Physicians are leaders. As leaders, we are focused on how to ensure safety for our coworkers while also acknowledging a need for stewardship of scarce supply of resources, namely, personal protective equipment (PPE).
I have a particular interest in this topic since I am an emergency physician with a high-risk newborn at home (who spent time in the neonatal ICU just a few weeks ago for respiratory issues). The motivation to protect my family, our staff, and myself has led to my continued research into this topic. There are many news stories of institutions with policies around PPE that are based on a lack of supply and our complete lack of preparedness in this country. The unfortunate truth is that we simply do not have the supplies we need to create policies that allow for optimal protection.
However, resorting to panic and anger is not productive. As physicians, we must advocate in an evidence-based manner for policies that protect our frontline staff. We can use our voices and our experience to impact change.
Recently, the New York Times released a sobering video of the state of the emergency department (ED) in NYC. COVID-19 has become so ubiquitous that any and all patients should be assumed to have it. Car accident victims, abdominal pain, and other non-respiratory complaints later are found to have COVID-19, and the lack of PPE used in their initial evaluation resulted in the rapid depletion of frontline health care workers due to exposure.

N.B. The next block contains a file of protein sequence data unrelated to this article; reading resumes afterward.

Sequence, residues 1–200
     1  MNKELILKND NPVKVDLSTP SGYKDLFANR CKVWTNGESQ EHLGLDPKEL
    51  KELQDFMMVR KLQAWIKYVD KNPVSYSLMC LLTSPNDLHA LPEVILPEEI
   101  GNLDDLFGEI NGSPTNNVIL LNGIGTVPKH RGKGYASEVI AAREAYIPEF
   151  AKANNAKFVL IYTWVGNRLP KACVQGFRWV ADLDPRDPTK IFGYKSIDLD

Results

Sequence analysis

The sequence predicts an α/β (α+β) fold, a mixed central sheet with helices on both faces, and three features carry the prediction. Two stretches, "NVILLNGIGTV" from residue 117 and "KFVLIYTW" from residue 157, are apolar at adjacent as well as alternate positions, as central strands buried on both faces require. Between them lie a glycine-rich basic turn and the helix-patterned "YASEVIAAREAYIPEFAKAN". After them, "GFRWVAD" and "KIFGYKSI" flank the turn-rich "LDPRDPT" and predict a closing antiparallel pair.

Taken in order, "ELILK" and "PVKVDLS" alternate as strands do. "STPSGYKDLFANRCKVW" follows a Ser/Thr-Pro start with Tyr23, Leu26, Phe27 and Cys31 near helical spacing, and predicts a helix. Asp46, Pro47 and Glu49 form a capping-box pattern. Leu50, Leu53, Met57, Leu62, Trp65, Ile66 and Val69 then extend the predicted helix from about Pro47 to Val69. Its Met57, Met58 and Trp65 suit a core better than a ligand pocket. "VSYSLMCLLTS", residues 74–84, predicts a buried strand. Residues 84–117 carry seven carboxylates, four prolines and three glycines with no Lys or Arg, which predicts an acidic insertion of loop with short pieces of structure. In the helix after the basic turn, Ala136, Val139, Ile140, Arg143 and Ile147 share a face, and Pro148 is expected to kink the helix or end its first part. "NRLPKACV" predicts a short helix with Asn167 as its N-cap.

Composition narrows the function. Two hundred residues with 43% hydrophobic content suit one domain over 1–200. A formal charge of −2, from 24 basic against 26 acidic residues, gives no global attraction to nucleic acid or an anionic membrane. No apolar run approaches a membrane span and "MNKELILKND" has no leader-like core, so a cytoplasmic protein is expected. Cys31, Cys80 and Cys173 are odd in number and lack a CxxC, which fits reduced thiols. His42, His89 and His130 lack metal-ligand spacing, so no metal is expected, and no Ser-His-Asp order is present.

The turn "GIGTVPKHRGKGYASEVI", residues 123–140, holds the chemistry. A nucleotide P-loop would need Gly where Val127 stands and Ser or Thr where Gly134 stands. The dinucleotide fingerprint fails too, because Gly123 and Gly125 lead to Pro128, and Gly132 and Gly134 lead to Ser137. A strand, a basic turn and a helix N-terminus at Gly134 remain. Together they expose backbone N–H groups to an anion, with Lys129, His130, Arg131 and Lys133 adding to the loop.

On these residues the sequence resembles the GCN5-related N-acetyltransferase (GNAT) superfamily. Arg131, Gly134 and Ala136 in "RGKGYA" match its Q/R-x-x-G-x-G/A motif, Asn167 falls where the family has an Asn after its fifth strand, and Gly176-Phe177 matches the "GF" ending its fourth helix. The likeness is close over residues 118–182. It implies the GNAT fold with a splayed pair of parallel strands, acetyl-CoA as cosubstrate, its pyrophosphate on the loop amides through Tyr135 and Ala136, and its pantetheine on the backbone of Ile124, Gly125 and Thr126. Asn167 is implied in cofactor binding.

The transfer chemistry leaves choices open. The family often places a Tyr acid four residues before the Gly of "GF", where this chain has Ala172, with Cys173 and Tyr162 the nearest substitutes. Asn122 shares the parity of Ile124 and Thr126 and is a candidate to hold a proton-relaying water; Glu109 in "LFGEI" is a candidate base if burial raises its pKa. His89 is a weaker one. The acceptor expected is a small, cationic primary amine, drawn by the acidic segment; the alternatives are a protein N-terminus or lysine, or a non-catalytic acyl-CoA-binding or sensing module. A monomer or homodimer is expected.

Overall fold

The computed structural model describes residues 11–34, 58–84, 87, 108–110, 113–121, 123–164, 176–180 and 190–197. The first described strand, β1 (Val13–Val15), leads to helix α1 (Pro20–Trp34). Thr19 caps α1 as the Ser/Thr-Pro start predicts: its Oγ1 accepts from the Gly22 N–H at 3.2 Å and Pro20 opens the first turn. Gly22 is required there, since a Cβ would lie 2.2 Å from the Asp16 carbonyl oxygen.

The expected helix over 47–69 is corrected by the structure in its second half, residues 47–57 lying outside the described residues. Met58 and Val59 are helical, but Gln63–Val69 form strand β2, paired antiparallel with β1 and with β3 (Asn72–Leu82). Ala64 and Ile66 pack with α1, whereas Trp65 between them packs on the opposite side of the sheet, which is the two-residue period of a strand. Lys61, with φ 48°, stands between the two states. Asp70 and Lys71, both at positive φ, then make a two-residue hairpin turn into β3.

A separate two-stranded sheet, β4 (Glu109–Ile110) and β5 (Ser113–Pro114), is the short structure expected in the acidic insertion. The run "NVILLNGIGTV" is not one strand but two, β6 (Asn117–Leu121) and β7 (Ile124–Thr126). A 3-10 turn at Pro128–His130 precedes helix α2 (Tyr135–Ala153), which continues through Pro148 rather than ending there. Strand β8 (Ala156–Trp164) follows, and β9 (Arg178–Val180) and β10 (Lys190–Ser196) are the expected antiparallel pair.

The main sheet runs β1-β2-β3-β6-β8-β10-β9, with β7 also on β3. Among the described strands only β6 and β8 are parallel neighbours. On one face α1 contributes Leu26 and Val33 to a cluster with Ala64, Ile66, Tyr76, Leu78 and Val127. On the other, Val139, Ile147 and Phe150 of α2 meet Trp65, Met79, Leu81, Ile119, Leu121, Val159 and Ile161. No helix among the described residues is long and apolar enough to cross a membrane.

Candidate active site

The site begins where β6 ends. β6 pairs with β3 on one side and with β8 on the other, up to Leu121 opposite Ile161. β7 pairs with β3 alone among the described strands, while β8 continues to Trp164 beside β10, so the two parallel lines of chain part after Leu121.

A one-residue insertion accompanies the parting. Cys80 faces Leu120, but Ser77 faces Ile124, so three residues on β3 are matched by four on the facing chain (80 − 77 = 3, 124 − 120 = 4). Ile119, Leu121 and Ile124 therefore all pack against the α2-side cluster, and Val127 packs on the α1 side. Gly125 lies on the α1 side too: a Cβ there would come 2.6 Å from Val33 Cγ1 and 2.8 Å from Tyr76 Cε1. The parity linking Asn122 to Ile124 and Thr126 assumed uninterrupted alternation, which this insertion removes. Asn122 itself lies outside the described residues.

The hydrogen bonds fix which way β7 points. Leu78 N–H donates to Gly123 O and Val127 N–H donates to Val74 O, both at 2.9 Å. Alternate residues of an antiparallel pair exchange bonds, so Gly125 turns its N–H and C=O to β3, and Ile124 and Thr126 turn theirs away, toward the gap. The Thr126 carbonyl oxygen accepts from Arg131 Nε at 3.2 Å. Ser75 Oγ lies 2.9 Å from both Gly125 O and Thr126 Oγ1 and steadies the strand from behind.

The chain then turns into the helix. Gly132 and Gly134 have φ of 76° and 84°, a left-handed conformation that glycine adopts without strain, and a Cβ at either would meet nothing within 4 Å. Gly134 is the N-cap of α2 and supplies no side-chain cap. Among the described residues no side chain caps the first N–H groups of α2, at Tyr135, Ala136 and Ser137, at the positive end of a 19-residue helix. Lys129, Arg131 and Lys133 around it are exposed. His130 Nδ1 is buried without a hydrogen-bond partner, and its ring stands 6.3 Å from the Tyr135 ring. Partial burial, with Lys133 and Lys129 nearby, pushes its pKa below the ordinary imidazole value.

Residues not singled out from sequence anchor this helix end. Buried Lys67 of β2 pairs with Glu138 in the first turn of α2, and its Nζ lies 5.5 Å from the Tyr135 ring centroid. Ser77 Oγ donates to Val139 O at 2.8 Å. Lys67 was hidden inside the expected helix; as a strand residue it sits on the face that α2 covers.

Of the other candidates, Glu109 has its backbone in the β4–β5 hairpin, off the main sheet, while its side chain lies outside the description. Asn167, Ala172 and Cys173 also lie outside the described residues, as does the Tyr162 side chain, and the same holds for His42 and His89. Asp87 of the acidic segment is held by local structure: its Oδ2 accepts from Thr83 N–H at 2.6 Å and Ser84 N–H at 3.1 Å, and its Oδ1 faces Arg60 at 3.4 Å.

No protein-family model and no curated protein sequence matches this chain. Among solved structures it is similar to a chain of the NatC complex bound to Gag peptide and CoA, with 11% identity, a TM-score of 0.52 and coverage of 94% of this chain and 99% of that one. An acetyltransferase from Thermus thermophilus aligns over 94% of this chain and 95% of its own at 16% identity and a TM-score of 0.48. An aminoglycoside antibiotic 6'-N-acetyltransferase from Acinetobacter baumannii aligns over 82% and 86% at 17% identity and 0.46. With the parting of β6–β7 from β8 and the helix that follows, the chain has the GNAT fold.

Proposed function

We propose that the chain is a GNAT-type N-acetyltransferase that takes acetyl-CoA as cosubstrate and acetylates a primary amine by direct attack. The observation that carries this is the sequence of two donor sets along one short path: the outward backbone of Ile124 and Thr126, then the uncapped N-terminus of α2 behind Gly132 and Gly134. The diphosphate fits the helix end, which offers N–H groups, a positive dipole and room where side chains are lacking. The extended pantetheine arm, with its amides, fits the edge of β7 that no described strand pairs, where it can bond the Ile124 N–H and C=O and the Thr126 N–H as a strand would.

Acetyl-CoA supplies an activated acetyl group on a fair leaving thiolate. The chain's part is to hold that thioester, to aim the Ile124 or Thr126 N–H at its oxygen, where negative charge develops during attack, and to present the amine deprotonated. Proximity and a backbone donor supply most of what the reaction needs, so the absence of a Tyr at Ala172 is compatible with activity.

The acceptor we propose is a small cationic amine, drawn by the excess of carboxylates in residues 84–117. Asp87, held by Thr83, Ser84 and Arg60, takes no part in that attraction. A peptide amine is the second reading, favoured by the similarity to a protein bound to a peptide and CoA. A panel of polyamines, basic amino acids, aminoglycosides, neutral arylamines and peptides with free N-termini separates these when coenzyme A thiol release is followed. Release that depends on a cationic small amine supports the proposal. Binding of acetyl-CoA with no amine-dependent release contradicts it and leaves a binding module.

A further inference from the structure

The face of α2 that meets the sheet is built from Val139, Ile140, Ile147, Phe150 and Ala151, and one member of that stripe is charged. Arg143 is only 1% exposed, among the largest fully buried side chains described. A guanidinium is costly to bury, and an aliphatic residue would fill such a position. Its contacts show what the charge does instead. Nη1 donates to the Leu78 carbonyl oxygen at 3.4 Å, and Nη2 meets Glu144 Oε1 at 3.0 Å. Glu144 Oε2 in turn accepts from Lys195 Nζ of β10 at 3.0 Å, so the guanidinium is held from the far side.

Dr. Atul Gawande discussed the evidence for using surgical masks for all patient-facing staff. Many hospitals, such as those affiliated with Harvard, have since instituted a universal masking policy for all staff and patients. However, there is still concern regarding the aerosol transmission of COVID-19. A recent New England Journal of Medicine article concluded, “that aerosol and fomite transmission of SARS-CoV-2 is plausible, since the virus can remain viable and infectious in aerosols for hours and on surfaces up to days.”
Despite the controversial tidbit about using bandanas for protection, the CDC recommendations state that “Health care providers should use N95 respirators when caring for patients under airborne precautions for infectious diseases including COVID-19.” Some hospitals ration N95s for frontline health care workers. It should be noted, however, that continuous use of an N95 is better protection than donning/doffing for particular patients. We must protect our workforce of health care workers as much as possible. In Ohio, the statistics show that 16 percent of COVID-19 cases are health care workers.
Evidence shows that we ideally need N95s for protection when caring for COVID-19 patients, but lack of testing prevents us from knowing which ones have it, and lack of adequate supplies requires us to have more judicious use of these scarce resources. We can use evidence to influence our institutional policy discussions.